On Friday, October 31, 1958 the rescue site was visited by various dignitaries, including the Premier of Nova Scotia, Robert Stanfield and His Royal Highness Prince Philip, the Duke of Edinburgh who had been at meetings in Ottawa.

On Saturday, November 1, 1958 an additional group of survivors was found; however, there would be no more in the following days. Instead, bodies of the dead were hauled out in airtight aluminum coffins, on account of the advanced stage of decomposition, accelerated by the Earth’s heat in the depths of the No. 2 mine at 13,000–14,000 feet (4,000–4,300 m) from the mine entrance.

Of the 174 miners in No. 2 colliery at the time of the bump, 74 were killed and 100 trapped but eventually rescued.

The rescuers were awarded a Gold Medal by the Royal Canadian Humane Association for bravery in lifesaving, the first time the medal had been awarded to a group.

Song History:

Peggy Seeger composed “The Ballad of Springhill” (with assistance from Ewan MacColl) based on the 1958 disaster.[4] It was originally performed by MacColl and Seeger as an a cappella duet.
“The Ballad of Springhill” was subsequently sung by popular folk revival group Peter, Paul, & Mary.
Irish rock stars U2 drew international attention to the memory of the Springhill mining disaster when they included “The Ballad of Springhill” in the playlist for their Joshua Tree Tour in 1987. U2 performed the song at fifteen concerts[5], although Bono did misrepresent the year in the song by saying “88” and not “58” during a few live performances. In an interview after the 1987 performance on a 25th anniversary television tribute to the Irish band The Dubliners, Bono stated that the first recording of “The Ballad of Springhill” he heard was that sung by Irish folk singer Luke Kelly a member of The Dubliners.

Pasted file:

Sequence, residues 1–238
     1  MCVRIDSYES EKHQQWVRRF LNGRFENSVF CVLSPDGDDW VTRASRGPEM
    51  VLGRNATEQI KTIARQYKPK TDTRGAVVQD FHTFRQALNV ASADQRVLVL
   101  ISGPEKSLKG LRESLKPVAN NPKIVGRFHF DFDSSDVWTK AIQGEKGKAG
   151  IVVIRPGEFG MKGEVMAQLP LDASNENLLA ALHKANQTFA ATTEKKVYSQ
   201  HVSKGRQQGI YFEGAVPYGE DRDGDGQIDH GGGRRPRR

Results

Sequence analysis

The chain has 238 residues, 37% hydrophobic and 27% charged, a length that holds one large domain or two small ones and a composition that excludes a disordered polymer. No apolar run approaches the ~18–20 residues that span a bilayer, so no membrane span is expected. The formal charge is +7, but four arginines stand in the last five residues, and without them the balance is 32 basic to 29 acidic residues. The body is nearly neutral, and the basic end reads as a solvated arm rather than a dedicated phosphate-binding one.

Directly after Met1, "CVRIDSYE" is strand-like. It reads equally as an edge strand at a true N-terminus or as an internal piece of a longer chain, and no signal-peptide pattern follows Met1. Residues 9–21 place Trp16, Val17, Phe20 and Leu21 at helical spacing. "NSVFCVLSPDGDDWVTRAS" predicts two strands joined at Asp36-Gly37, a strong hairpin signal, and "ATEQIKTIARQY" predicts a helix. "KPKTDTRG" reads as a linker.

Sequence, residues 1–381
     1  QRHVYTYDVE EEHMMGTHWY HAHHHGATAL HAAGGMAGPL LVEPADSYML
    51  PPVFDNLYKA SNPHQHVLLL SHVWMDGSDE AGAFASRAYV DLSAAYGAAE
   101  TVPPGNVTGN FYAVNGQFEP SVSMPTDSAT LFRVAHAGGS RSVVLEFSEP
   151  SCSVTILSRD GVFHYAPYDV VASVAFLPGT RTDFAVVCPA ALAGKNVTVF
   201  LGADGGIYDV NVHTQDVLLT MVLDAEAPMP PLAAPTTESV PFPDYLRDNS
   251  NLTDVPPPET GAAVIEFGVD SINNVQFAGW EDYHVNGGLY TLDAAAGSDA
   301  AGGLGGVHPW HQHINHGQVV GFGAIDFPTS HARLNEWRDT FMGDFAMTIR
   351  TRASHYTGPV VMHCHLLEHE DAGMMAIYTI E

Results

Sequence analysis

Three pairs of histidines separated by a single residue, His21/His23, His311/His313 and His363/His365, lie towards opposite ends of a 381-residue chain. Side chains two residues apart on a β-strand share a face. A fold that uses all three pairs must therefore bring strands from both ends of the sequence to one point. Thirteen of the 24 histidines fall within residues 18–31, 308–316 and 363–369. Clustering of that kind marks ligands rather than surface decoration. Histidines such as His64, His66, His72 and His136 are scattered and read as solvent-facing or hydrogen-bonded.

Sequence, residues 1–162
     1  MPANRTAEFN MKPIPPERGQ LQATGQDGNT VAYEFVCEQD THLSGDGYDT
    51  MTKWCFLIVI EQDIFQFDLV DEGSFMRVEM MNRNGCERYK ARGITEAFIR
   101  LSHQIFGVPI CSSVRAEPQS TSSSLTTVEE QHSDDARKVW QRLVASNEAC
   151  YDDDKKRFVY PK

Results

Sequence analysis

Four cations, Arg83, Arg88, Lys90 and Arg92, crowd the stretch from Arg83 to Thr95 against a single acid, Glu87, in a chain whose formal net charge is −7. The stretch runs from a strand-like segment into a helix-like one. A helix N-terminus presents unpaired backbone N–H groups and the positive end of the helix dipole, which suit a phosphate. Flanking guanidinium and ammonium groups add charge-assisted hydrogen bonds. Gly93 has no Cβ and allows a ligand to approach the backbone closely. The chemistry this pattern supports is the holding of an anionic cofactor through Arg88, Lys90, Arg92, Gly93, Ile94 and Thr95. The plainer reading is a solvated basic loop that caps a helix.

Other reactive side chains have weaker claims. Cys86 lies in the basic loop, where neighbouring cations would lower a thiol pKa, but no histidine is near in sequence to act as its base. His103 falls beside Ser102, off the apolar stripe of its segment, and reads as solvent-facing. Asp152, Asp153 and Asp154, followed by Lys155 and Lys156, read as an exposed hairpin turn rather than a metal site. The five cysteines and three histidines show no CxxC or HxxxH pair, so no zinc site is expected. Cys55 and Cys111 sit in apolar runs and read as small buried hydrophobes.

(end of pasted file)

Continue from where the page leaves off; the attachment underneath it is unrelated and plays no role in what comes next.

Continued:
Here’s the lyrics:
In the town of Springhill Nova Scotia
Down in the dark of the Cumberland mine
There’s blood on the coal, and the miners lie
In roads that never saw sun nor sky
Roads that never saw the sun nor sky

In the town of Springhill
You don’t sleep easy
Often the earth will tremble and roll
When the earth is restless
Miners die

Bone and blood is the price of coal
Bone and blood is the price of coal

In the town of Springhill Nova Scotia
Late in the year of ’58
Well the day still comes and the sun still shines
But it’s dark at the graves of the Cumberland miners
It’s dark at the graves of the Comberland miners

Listen to the shouts of the black faced miner
Listen to the call of the rescue team
We have no water, light or bread
So we’re living on songs and hope instead
We’re living on songs and hope instead

In the town of Springhill Nova Scotia
Down in the dark of the Cumberland mine
There’s blood on the coal, and the miners lie
In roads that never saw sun or sky
Roads that never saw sun nor sky

In the town of Springhill Nova Scotia
Often the earth will tremble and roll
When the earth is restless
Miners die

Bone and blood is the price of coal
Bone and blood is the price of coal
Bone and blood is the price of coal

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3 Responses to U2: Springhill Mining Disaster

  1. dripable says:

    This could be the greatest read I have ever seen…

  2. Kavalid says:

    I prefer the version from ‘The Late Late Show’.
    Edge’s delay is more pronounced.

    • larrylootsteen says:

      I haven’t heard that one. I’ll see if it’s on Youtube. I’ve only heard a couple of versions since i got this. This one has a really clear sound to it so I think it’s great for that. Not necessarily the best version ever but it works for me!

      Thanks for writing!